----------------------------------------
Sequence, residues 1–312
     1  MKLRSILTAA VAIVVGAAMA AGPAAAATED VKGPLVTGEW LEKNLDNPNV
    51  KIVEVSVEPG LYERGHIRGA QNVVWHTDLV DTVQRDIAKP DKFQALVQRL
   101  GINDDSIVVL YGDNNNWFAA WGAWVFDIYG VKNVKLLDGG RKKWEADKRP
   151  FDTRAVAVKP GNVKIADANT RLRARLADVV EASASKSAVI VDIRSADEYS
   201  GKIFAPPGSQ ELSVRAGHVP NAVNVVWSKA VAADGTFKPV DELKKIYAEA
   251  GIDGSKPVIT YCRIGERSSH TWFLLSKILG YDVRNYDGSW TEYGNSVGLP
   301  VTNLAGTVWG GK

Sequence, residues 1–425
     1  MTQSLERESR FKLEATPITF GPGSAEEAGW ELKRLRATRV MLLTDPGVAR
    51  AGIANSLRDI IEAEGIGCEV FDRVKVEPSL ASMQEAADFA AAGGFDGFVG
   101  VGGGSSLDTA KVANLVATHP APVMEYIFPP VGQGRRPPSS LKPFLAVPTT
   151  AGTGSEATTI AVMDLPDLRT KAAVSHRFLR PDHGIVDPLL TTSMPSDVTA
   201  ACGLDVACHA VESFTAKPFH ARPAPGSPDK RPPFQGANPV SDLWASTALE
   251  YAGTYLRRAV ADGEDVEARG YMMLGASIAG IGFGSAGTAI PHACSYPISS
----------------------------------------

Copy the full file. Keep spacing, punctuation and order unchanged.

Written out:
Sequence, residues 1–312
     1  MKLRSILTAA VAIVVGAAMA AGPAAAATED VKGPLVTGEW LEKNLDNPNV
    51  KIVEVSVEPG LYERGHIRGA QNVVWHTDLV DTVQRDIAKP DKFQALVQRL
   101  GINDDSIVVL YGDNNNWFAA WGAWVFDIYG VKNVKLLDGG RKKWEADKRP
   151  FDTRAVAVKP GNVKIADANT RLRARLADVV EASASKSAVI VDIRSADEYS
   201  GKIFAPPGSQ ELSVRAGHVP NAVNVVWSKA VAADGTFKPV DELKKIYAEA
   251  GIDGSKPVIT YCRIGERSSH TWFLLSKILG YDVRNYDGSW TEYGNSVGLP
   301  VTNLAGTVWG GK

Sequence, residues 1–425
     1  MTQSLERESR FKLEATPITF GPGSAEEAGW ELKRLRATRV MLLTDPGVAR
    51  AGIANSLRDI IEAEGIGCEV FDRVKVEPSL ASMQEAADFA AAGGFDGFVG
   101  VGGGSSLDTA KVANLVATHP APVMEYIFPP VGQGRRPPSS LKPFLAVPTT
   151  AGTGSEATTI AVMDLPDLRT KAAVSHRFLR PDHGIVDPLL TTSMPSDVTA
   201  ACGLDVACHA VESFTAKPFH ARPAPGSPDK RPPFQGANPV SDLWASTALE
   251  YAGTYLRRAV ADGEDVEARG YMMLGASIAG IGFGSAGTAI PHACSYPISS